City ranks in top 5 on retiree liabilities

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BELOIT - A recent report shows Beloit ranks in the top five among Wisconsin's largest communities in terms of unfunded health care liabilities for municipal retirees.

The report by the Wisconsin Policy Forum shows Beloit owes the fourth highest amount among the state's largest cities, with $102.5 million in unfunded health care liabilities as of 2016, ranking higher than Janesville, Madison and Kenosha.

The city's costs have decreased 25 percent since 2013, dropping $33.9 million, the largest decrease in obligations over the time period studied.

Beloit Finance Director Eric Miller said the majority of the other post-employment benefits are strictly for police and fire retirees with contracts that cannot be renegotiated. He said the cost listed is projected for the lifetime of all current and future retirees rather than for a specific time period.

"We are consciously making efforts to reduce these liabilities," Miller said. "One of the ways we've done that is through cost sharing of premiums and benefit eligibility to help mitigate costs."

In total, the top 25 Wisconsin cities face $2.25 billion in unfunded health care liabilities, a 5 percent increase from 2013 to 2016, the report said.

Cities took on the liabilities by pledging health care benefits to workers after retirement in exchange for lower pay raises. Costs rose quickly since workers including public safety staff can retire early with benefits akin to monthly premiums of active municipal employees, the report said.

According to the report, Beloit has budgeted $19.1 million this year for capital needs, but if the city took the funds and invested in paying for the retiree health care promises for current and former employees, Beloit would still have less than half of the estimated $39.7 million needed to cover these projected costs over the next 30 years.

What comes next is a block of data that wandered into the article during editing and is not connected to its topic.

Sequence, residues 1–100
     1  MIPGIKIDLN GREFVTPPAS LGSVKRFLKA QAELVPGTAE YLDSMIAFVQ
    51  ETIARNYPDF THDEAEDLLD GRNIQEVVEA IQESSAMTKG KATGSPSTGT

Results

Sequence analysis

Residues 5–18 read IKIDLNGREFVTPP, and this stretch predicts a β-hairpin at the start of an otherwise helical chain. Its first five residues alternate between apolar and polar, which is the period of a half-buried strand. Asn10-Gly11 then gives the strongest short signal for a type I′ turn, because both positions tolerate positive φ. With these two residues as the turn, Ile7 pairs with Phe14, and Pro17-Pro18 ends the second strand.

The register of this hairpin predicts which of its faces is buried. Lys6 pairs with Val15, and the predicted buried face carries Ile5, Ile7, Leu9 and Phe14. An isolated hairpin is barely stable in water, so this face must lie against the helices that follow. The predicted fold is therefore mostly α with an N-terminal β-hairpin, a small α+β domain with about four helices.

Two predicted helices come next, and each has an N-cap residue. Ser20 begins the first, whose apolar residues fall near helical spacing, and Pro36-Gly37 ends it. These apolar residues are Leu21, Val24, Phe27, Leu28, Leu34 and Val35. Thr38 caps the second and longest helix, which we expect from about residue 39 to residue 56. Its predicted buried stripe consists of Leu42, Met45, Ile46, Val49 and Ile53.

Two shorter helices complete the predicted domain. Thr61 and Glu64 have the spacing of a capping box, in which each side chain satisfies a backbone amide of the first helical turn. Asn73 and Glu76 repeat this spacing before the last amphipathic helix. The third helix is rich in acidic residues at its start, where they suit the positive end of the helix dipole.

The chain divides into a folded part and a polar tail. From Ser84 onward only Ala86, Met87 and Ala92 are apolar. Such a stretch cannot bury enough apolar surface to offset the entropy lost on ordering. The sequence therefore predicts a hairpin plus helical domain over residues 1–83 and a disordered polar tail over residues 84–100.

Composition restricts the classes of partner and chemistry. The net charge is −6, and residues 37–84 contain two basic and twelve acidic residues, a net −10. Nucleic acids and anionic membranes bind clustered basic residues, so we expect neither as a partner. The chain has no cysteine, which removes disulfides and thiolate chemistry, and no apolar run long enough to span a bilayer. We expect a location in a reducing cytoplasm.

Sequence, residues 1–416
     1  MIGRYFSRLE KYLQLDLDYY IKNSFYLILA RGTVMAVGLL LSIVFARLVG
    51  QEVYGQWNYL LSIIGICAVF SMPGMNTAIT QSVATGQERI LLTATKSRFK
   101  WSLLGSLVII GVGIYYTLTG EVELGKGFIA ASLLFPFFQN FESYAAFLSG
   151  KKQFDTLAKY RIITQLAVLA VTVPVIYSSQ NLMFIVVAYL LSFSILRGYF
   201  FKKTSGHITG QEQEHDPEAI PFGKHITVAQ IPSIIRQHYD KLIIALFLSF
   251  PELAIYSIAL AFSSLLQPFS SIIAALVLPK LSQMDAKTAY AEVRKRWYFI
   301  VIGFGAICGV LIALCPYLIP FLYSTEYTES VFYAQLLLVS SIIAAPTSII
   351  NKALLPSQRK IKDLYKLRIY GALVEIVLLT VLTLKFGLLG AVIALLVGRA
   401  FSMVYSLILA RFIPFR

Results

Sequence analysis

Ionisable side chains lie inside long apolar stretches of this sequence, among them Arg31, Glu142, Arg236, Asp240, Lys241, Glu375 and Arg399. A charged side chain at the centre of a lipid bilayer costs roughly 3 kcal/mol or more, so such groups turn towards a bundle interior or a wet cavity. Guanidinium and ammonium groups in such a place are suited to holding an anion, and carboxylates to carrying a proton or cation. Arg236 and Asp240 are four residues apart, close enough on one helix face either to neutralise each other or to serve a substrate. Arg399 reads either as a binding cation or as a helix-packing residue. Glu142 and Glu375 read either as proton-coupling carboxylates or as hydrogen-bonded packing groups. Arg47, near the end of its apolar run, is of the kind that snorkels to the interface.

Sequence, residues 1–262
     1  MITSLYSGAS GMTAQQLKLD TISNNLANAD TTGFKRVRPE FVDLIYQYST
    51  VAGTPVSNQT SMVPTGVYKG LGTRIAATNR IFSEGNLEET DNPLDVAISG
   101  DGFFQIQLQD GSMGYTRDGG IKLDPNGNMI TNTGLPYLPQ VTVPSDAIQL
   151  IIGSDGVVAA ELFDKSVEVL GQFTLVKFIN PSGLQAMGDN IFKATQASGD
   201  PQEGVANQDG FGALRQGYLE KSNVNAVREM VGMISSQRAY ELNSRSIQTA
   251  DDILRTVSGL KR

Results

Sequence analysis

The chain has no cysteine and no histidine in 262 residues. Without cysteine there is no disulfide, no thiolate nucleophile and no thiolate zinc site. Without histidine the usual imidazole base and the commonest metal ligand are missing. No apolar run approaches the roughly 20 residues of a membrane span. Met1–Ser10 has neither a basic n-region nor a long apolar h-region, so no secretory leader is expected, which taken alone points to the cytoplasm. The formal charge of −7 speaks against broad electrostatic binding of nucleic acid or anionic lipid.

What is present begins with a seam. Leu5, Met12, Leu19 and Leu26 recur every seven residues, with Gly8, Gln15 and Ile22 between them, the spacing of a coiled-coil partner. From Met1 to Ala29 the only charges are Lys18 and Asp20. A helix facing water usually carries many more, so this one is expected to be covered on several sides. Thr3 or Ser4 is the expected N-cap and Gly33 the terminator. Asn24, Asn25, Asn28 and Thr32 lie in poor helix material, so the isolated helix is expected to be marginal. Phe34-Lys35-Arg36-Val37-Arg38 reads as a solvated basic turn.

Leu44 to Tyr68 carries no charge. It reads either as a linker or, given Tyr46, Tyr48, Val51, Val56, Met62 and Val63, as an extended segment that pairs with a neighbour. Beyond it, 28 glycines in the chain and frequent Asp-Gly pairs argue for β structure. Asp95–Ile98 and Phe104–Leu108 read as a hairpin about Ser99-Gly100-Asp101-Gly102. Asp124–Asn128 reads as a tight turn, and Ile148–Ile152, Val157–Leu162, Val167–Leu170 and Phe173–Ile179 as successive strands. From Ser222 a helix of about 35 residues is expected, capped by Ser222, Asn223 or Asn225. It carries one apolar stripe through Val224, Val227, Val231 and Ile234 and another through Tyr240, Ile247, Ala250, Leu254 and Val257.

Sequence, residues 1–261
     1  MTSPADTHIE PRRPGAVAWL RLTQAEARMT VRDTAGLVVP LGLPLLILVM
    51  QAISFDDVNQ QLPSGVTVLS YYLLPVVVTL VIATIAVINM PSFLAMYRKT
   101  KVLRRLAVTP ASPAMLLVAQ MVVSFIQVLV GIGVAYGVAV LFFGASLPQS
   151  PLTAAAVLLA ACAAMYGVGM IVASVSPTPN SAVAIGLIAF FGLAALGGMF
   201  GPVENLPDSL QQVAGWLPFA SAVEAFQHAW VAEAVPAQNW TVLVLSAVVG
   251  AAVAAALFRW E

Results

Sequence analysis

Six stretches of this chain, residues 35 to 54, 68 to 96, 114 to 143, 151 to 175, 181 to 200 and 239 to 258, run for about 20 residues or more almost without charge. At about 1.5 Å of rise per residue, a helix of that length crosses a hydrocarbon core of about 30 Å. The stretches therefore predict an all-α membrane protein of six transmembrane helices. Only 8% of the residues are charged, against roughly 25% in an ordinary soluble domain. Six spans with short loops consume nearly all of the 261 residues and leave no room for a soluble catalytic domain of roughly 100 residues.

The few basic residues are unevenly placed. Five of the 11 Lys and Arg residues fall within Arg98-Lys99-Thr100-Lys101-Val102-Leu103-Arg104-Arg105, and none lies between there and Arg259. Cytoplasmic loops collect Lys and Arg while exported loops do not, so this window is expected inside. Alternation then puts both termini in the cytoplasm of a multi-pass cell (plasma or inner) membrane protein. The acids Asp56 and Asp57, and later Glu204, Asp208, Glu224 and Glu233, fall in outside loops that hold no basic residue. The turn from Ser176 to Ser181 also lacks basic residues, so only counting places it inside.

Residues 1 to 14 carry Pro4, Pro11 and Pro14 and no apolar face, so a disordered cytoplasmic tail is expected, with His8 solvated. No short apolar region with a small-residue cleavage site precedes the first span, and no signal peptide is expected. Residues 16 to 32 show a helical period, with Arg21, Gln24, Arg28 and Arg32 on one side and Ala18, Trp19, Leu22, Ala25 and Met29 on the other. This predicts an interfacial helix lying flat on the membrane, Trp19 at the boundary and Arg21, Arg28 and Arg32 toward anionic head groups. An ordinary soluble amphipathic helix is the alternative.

Twenty-three cities cut costs by just over $120 million in the three year period studied, but that was outweighed by $228 million increases for expenses in Milwaukee and Racine, the report said.

Milwaukee owes the most out of any Wisconsin city ($1.02 billion), while Racine owes $503.24 million, West Allis $140.94 million and Eau Claire with $66.63 million outstanding, according to the report.

According to a July 10 Associated Press article, Racine's costs rose the most - 24 percent - for an increase of nearly $97 million over the three-year time frame. However, changes in the city's benefits reduced its liability by more than $117 million in 2017, the study said. The Wisconsin Policy Forum did not look at data for the other cities beyond 2016.

Appleton's costs rose at 20 percent between 2013 and 2016 followed by Sheboygan at 17 percent for the next two largest percentage gains. Milwaukee's went up 15 percent.

Manitowoc had the largest decrease at 80 percent, followed by Franklin at 78 percent and Fond du Lac at 71 percent.

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